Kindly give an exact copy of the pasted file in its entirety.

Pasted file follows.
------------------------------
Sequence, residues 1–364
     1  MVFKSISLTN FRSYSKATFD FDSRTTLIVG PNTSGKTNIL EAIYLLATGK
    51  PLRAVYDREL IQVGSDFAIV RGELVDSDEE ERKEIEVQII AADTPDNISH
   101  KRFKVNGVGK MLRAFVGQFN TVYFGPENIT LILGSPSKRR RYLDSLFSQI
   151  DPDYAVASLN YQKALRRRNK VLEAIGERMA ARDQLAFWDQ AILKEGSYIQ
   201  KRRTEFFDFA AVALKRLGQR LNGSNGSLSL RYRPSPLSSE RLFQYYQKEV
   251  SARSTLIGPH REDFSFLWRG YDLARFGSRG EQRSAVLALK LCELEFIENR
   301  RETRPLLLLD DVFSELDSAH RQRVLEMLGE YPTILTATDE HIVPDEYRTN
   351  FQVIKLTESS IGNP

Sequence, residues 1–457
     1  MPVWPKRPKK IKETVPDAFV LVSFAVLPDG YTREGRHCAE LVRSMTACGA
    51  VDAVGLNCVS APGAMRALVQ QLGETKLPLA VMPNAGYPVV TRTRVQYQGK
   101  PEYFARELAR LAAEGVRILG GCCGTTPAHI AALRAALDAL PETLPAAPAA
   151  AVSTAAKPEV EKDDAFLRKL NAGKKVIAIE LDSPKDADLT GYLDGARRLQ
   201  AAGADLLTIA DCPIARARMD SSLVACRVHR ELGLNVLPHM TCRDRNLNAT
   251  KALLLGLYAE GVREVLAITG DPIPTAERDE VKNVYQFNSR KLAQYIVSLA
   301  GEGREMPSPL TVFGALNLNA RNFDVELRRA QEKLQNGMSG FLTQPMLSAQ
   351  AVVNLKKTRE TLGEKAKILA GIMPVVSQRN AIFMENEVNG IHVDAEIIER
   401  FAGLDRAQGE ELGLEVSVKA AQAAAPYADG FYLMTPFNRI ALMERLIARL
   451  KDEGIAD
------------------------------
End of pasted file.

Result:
Sequence, residues 1–364
     1  MVFKSISLTN FRSYSKATFD FDSRTTLIVG PNTSGKTNIL EAIYLLATGK
    51  PLRAVYDREL IQVGSDFAIV RGELVDSDEE ERKEIEVQII AADTPDNISH
   101  KRFKVNGVGK MLRAFVGQFN TVYFGPENIT LILGSPSKRR RYLDSLFSQI
   151  DPDYAVASLN YQKALRRRNK VLEAIGERMA ARDQLAFWDQ AILKEGSYIQ
   201  KRRTEFFDFA AVALKRLGQR LNGSNGSLSL RYRPSPLSSE RLFQYYQKEV
   251  SARSTLIGPH REDFSFLWRG YDLARFGSRG EQRSAVLALK LCELEFIENR
   301  RETRPLLLLD DVFSELDSAH RQRVLEMLGE YPTILTATDE HIVPDEYRTN
   351  FQVIKLTESS IGNP

Sequence, residues 1–457
     1  MPVWPKRPKK IKETVPDAFV LVSFAVLPDG YTREGRHCAE LVRSMTACGA
    51  VDAVGLNCVS APGAMRALVQ QLGETKLPLA VMPNAGYPVV TRTRVQYQGK
   101  PEYFARELAR LAAEGVRILG GCCGTTPAHI AALRAALDAL PETLPAAPAA
   151  AVSTAAKPEV EKDDAFLRKL NAGKKVIAIE LDSPKDADLT GYLDGARRLQ
   201  AAGADLLTIA DCPIARARMD SSLVACRVHR ELGLNVLPHM TCRDRNLNAT
   251  KALLLGLYAE GVREVLAITG DPIPTAERDE VKNVYQFNSR KLAQYIVSLA
   301  GEGREMPSPL TVFGALNLNA RNFDVELRRA QEKLQNGMSG FLTQPMLSAQ
   351  AVVNLKKTRE TLGEKAKILA GIMPVVSQRN AIFMENEVNG IHVDAEIIER
   401  FAGLDRAQGE ELGLEVSVKA AQAAAPYADG FYLMTPFNRI ALMERLIARL
   451  KDEGIAD